11. 10.
    David C. Engerman, “The Romance of Economic Development and New Histories of the Cold War,” Diplomatic History, 28, 1 (2004): 23–54.CrossRefGoogle Scholar
  12. 11.
    Robert Wuthnow, “Understanding Religion and Politics,” Daedalus, 120, 3 (1991): 1–20.Google Scholar
  13. 12.
    Vicky Randall and Robin Theobald, Political Change and Underdevelopment (London: Macmillan, 1998).CrossRefGoogle Scholar
  14. 13.
    John Gray Al Qaeda and What it Means to be Modern (London: Faber & Faber, 2003).Google Scholar
  15. 14.
    Peter L. Berger, The Sacred Canopy: Elements of a Sociological Theory of Religion (New York: Doubleday/Anchor Books, 1967);Google Scholar
  16. Donald Eugene Smith (ed.), Religion and Political Modernization (New Haven and London: Yale University Press, 1974);Google Scholar
  17. Steve Bruce, God is Dead: Secularization in the West (Blackwell, 2002).Google Scholar
  18. 16.
    Emmanuel Sivan, “Democracy, Catholicism, and Islam,” Arab Reform Bulletin, 2, 2 (2004).Google Scholar
  19. 17.
    Jose Casanova, Public Religions in the Modern World (Chicago: University of Chicago Press, 1994).Google Scholar
  20. 18.
    Peter L. Berger (ed.), The Desecularization of the World: Resurgent Religion in World Politics (Grand Rapids/Washington, D.C.: William B. Eerdmans/Ethics & Public Policy Center, 1999;Google Scholar
  21. Peter L. Berger, “Postscript,” in Linda Woodward et al. (eds.), Peter Berger and the Study of Religion (London: Routledge, 2001), 189–198.Google Scholar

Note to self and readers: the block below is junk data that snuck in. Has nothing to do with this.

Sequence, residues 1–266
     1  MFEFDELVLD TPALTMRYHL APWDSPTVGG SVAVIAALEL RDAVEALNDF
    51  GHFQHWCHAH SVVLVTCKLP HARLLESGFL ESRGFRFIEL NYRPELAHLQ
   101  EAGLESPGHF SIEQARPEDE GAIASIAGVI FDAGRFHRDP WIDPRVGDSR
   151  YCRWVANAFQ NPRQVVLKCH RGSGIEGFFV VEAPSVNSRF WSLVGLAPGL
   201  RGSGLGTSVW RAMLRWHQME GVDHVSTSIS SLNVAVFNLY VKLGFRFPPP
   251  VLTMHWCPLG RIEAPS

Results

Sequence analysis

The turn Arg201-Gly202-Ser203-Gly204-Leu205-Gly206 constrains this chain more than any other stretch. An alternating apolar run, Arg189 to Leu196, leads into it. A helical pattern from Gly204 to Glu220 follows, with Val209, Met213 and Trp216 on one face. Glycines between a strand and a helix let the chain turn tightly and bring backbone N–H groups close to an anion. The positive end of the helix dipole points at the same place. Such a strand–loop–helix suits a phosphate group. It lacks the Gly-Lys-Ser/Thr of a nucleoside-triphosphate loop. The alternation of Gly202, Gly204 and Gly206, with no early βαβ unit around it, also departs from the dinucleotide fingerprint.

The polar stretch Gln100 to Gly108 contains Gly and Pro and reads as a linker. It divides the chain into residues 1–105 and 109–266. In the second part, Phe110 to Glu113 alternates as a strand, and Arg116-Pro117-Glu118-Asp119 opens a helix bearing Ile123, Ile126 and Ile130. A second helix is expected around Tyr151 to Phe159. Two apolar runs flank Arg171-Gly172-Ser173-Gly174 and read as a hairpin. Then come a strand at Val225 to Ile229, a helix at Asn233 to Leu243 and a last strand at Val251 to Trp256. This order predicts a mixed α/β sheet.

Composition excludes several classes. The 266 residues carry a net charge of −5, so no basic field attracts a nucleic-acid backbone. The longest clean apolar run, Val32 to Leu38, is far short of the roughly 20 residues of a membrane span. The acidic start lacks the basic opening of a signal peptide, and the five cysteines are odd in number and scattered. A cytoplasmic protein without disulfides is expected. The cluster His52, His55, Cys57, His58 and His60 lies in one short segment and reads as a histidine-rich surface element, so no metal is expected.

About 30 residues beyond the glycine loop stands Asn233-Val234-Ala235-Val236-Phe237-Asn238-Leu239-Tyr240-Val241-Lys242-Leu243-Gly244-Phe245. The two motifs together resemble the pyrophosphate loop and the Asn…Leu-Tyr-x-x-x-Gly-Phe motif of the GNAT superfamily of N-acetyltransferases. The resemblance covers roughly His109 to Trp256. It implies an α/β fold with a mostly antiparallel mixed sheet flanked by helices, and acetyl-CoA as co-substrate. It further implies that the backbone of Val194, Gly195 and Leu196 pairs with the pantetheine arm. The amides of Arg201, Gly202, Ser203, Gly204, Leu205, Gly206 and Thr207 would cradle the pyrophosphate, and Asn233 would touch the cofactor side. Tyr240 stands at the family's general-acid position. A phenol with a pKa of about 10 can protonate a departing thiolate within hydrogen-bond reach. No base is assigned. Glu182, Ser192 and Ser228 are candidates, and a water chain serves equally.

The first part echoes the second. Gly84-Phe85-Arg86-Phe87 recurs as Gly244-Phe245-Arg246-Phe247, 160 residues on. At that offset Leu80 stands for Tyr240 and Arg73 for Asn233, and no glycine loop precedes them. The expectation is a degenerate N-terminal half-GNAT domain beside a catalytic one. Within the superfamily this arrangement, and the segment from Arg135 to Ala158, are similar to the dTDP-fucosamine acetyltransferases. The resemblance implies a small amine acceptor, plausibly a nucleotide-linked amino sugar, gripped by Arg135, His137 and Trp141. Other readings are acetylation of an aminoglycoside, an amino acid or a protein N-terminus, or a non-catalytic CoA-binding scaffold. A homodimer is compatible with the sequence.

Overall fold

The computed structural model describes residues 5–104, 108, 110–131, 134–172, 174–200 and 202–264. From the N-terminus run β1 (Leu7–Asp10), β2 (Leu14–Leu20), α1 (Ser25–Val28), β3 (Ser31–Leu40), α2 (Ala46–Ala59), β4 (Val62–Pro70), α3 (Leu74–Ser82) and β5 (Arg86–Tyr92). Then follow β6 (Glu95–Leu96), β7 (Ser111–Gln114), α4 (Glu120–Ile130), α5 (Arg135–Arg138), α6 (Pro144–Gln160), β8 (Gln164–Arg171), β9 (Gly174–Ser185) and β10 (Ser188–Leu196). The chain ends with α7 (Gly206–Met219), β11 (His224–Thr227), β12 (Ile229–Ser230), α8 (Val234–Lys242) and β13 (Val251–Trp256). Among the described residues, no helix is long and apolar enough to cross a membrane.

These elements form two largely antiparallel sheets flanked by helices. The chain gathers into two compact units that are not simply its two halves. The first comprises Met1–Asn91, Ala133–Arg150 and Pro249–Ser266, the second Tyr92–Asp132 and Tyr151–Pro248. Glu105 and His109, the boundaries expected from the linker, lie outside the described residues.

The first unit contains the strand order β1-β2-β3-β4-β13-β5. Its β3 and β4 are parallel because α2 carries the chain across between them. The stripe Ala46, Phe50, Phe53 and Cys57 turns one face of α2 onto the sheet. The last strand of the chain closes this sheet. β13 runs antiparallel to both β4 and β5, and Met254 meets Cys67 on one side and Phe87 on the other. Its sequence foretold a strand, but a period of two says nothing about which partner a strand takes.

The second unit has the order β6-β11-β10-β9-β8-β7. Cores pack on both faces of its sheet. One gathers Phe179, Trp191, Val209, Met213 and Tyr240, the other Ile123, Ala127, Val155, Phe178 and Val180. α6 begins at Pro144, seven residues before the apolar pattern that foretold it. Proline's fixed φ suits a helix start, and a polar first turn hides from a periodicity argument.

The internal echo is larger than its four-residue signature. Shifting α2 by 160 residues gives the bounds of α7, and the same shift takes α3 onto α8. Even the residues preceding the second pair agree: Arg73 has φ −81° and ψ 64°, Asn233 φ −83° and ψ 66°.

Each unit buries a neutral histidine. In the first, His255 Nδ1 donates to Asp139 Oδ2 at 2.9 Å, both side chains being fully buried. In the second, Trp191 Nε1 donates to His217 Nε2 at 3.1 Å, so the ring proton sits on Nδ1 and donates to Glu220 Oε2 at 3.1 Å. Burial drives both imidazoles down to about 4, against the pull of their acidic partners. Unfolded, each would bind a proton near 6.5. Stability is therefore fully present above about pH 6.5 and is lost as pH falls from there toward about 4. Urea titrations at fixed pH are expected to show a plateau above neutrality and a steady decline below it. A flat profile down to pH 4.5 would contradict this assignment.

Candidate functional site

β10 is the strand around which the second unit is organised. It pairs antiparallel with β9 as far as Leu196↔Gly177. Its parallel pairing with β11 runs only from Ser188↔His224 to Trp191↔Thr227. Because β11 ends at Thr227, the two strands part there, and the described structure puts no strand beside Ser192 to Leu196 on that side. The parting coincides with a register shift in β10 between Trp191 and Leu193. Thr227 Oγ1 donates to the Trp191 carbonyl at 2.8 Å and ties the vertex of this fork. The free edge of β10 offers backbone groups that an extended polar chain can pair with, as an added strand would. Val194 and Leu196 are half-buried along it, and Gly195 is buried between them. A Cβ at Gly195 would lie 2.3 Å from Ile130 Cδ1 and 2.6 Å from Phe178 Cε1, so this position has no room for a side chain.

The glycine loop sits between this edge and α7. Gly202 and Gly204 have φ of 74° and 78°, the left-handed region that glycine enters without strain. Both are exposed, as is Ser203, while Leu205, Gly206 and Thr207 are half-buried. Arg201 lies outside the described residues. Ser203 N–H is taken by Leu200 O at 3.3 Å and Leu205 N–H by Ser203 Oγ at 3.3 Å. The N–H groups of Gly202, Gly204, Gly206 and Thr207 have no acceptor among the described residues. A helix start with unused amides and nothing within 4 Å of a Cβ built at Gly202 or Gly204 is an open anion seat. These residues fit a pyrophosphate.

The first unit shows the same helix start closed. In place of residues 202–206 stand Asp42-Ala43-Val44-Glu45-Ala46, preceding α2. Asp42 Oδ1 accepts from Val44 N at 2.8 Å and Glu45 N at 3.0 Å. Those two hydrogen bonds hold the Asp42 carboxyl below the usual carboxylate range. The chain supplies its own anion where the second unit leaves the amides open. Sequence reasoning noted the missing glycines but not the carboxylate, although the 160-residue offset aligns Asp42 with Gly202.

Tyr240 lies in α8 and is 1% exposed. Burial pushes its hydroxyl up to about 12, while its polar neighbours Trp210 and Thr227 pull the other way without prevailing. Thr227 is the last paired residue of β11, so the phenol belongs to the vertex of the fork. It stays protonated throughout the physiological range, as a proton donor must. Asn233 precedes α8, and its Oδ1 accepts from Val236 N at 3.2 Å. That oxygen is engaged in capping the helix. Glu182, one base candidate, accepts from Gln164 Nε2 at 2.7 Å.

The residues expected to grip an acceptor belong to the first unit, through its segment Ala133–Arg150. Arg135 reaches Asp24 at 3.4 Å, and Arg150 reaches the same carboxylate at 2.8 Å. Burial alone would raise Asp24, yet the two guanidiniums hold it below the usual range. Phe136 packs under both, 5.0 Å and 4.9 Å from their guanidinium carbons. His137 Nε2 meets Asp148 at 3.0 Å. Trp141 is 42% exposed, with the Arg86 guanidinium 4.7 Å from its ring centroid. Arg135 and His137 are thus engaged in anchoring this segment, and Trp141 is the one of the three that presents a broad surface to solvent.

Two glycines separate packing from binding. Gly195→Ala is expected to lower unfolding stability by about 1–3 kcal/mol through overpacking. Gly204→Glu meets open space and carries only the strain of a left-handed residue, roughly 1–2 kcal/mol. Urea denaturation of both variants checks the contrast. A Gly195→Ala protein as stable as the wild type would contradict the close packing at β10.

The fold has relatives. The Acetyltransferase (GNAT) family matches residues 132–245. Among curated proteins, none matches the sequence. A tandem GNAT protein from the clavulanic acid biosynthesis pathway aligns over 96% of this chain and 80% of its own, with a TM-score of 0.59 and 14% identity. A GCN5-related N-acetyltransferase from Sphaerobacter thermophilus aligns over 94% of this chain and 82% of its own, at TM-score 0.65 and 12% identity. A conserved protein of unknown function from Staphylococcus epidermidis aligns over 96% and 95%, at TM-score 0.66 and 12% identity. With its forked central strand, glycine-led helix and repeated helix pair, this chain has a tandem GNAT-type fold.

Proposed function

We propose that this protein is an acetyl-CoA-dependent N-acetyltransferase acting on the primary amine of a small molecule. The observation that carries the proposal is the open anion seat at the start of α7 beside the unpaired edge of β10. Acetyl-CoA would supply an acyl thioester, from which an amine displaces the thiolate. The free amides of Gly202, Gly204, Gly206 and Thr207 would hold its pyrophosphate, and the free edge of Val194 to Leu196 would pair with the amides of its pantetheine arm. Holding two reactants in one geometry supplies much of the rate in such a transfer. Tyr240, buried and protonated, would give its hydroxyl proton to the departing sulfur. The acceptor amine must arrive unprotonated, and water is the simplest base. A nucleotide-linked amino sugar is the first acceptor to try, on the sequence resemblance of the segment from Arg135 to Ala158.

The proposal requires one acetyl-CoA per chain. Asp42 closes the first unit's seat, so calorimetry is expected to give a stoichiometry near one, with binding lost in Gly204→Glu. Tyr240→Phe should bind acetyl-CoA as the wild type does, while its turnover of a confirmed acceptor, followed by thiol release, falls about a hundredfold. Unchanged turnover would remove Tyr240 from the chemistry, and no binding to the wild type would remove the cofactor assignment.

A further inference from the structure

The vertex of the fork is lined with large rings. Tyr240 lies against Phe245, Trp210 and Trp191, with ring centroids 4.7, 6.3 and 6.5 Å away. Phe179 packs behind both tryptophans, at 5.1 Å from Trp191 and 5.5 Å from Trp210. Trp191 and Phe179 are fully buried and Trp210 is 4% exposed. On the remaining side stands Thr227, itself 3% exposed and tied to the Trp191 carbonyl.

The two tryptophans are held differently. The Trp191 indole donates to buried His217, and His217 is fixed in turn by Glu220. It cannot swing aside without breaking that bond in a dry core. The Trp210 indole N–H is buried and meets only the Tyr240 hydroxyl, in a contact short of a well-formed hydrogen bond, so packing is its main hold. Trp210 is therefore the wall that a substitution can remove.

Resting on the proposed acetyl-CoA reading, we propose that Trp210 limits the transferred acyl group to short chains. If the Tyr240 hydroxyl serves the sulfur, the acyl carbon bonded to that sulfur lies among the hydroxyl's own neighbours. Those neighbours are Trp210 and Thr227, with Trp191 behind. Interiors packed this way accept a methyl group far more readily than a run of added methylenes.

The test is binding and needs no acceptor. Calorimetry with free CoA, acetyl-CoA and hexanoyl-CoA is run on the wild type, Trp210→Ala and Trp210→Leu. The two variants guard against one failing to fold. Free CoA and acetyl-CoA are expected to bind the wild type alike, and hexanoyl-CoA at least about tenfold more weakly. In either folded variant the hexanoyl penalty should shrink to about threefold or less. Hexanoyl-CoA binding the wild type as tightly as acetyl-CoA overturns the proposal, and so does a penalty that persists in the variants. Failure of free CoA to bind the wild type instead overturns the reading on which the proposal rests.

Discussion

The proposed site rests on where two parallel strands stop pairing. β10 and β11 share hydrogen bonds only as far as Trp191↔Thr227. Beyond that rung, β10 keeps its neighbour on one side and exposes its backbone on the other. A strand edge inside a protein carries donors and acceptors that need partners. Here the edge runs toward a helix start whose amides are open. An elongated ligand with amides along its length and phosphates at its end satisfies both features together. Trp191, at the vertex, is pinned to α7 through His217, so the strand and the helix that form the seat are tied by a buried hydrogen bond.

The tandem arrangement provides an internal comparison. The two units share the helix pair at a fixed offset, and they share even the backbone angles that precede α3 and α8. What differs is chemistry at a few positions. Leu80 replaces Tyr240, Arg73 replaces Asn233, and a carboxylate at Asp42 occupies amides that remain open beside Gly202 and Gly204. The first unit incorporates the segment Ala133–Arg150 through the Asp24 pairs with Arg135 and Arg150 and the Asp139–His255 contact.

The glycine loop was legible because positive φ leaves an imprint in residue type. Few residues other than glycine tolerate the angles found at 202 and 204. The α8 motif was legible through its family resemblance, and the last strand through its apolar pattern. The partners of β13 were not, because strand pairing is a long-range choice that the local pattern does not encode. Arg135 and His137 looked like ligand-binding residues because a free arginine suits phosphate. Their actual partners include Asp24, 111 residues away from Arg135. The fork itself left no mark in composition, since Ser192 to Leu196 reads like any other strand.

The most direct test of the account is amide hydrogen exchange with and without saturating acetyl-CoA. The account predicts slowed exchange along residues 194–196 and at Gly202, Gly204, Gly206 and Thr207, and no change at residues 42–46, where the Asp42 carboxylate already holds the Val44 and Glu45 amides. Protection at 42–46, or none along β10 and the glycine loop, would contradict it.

22. 19.
    Will Durant, The Age of Faith, The Story of Civilization, vol. IV (New York: Simon & Schuster, 1950);Google Scholar
  23. Will and Ariel Durant, The Age of Reason, The Story of Civilization, vol. VIII (New York: Simon & Schuster, 1961).Google Scholar
  24. 20.
    Rodney Stark, “Secularization, R.I.P. (rest in peace),” Sociology of Religion, 60, 1 (1999): 247–273;Google Scholar
  25. Rodney Stark, “Secularization: The Myth of Religious Decline,” Fides et Historia, 30, 2 (1999): 1–19.Google Scholar
  26. 21.
    Robert N. Bellah, “Between Religion and Social Science,” in Robert N. Bellah (ed.), Beyond Belief: Essays on Religion in a Post-Traditionalist World (Berkeley, CA: University of California Press, 1970, 2nd edition, 1991), 237–259;Google Scholar
  27. Scott M. Thomas, “Religious Resurgence, Postmodernism and World Politics,” in John L. Esposito and Michael Watson (eds.), Religion and Global Order (Cardiff: University of Wales Press, 2000), 38–65.Google Scholar
  28. 22.
    Leo Gross, “The Peace of Westphalia, 1648–1948,” in Richard A. Falk and Wolfram F. Hanrieder (eds.), International Law and Organisation: An Introductory Reader (New York: J.B.L. Lippincott, 1968), 45–67;Google Scholar
  29. Daniel Philpott, “Westphalia and Authority in International Society,” Political Studies, 47, 3 (1999): 566–589.CrossRefGoogle Scholar
  30. 23.
    Roger Boyes, “Treaty that Created ‘Soil of Dispair,’” The Times (London), October 24, 1998.Google Scholar